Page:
As with our own human species when you are talking to someone you would expect them to be looking at you... so it's a no brainier to have them give you eye to eye contact.  If you haven't got this don't expect to have any success at all regardless of the complexity of the tasks set before them.  The fact that you are demanding this from day one will at least get them to be stationary when you are communicating with them... not an easy task when you just want to hair about the garden at 100 miles an hour! (the pup that is, not you)?  So, what can you do to make this an enjoyable experience for all concerned?

Obviously, your puppy will have to get used to its new name, so by using it as often as possible in getting this stationary position will make things a lot easier in the long run.

Important Tip. Every time you say your puppies name give a little whistle, either from your lips or by using your whistle... it can be before or after but always together. 

So, we're good to go... we have your little bundle standing (or sitting for that matter) staring up at you waiting for instruction... maybe, maybe not to begin with but keep up this simple task until you have success... if you can achieve this first discipline as soon as possible then it will pay dividends with just about everything else that follows.  If your pup picks up on this then all the other things that are occurring around it will not result in distraction, a gundog word you'll be using a lot in your vocabulary from now on. If the eyes are on you then they are not looking at the girls on the swings, the boys playing with a ball, the rabbits running around their burrows etc. etc.  the list of distractions is endless. You, as the person that feeds, that takes it out for walkies, that does everything that is good are perceived to be God in your little pups’ eyes and he or she will have a natural desire to please you.  Every second and minute that your pup is sitting looking at you counts as 'training time' in your puppy's development.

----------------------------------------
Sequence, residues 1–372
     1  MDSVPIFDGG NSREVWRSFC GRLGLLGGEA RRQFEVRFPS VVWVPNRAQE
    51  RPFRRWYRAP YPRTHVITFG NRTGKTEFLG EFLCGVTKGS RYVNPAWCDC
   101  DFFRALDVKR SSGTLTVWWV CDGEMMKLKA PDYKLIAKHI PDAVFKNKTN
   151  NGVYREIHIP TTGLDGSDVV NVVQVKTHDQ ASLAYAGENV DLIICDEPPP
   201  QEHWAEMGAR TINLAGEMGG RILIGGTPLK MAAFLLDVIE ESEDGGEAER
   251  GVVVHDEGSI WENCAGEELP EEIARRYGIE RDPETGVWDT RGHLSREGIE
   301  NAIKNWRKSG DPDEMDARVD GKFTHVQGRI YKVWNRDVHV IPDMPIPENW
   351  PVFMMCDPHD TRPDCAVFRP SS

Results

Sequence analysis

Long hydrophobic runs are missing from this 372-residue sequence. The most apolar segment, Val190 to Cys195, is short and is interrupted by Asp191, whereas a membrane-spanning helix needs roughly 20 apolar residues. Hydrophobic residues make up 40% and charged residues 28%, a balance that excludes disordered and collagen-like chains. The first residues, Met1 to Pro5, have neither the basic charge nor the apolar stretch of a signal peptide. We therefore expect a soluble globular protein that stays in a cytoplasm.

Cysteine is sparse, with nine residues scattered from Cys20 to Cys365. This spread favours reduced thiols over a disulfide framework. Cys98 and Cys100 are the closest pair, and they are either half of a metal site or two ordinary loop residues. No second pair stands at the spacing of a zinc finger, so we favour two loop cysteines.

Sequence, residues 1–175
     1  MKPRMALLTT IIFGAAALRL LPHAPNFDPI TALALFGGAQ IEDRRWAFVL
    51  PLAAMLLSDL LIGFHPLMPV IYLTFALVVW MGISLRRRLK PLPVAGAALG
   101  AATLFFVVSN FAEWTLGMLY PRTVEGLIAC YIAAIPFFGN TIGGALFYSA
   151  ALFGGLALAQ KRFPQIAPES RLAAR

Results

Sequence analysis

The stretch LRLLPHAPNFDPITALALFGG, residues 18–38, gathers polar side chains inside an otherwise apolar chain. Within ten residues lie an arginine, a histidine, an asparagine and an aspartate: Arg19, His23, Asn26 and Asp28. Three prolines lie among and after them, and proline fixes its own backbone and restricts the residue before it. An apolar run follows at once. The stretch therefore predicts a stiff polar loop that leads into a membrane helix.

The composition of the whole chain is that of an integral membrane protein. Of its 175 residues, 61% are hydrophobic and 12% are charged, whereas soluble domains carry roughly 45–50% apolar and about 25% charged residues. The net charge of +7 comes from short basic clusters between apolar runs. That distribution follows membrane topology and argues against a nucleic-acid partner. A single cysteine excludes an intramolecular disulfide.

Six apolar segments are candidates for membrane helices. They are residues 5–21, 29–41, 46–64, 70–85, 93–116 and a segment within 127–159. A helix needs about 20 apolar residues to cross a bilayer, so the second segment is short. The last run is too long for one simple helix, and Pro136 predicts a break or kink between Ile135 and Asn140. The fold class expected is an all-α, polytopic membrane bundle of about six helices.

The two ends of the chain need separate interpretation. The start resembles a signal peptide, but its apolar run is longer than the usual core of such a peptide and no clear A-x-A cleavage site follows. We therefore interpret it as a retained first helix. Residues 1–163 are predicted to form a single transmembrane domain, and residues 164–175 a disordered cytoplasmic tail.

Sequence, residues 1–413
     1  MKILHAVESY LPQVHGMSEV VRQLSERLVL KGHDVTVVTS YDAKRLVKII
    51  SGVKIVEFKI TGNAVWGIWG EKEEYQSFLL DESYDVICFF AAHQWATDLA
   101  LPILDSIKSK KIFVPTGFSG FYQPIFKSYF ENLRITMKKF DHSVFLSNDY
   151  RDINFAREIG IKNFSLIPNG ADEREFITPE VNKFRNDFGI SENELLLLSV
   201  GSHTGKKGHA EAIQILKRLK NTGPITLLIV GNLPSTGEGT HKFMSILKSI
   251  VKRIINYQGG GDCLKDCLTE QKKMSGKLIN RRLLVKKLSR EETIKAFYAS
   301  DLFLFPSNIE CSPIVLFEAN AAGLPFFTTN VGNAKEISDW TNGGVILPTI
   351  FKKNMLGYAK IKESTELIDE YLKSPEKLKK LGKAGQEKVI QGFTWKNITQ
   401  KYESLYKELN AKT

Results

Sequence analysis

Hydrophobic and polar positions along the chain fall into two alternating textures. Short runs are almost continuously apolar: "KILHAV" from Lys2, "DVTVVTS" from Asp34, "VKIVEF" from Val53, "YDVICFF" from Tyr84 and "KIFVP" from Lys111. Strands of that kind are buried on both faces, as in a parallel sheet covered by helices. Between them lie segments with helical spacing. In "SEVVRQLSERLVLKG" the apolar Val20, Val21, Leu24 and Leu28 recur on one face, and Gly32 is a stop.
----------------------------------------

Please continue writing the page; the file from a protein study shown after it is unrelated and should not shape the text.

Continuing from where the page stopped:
Important Tip. Whilst your pup is gazing at you in wonderment of what is about to come next, have the palm of your hand raised beside your face pointing downwards. At the moment it just means 'stay' but it will become much more significant in later development of its training.


Practice in your garden the simple task of 'starting' and 'stopping' at short distances to begin with and becoming longer as things progress... even within the confines of your house 10 or 15 minutes at a time is all that is required.

Obviously, you will have to have a command to release your hound from its stay otherwise it will be getting seriously bored with your new game!  For now, you can just say 'PLAY' or something of your own choosing to release it and accompany this with a flick of your hand. So, you have just used Audio and Visual commands to instruct your dog in its early formative months.

 Any dog that is sitting DOING NOTHING is usually considered to be a well trained dog after all.  I've sat on a tree trunk many a time watching Lord whosoever plugging away at pheasants or partridges with 5 dogs beside me just waiting to be the one to do something meaningful.  At the end of the drive they maybe still be sitting there having done nothing but to the shooter they are perceived to be the finished article especially after having watched his mutt tearing about all over the place without success and making a great din at the same time. Not always to be sure but sometimes.

Every time you CAST your pup out, another gundog term, you should with practice be able to stop it hopefully.  Yes, you'd be correct in saying going out was easier than coming back in the early stages.


Recall is what comes next naturally... gundog work basically comes down to going out and coming back, whether with game, dummy, ball or just nothing.  Regardless of how much fun the puppy is having it has got to abide by your instruction to come hither when you say so.  So, a good idea is to have it come back and then release it out immediately so that it can appreciate it's not the end of all that fun when it comes back to you.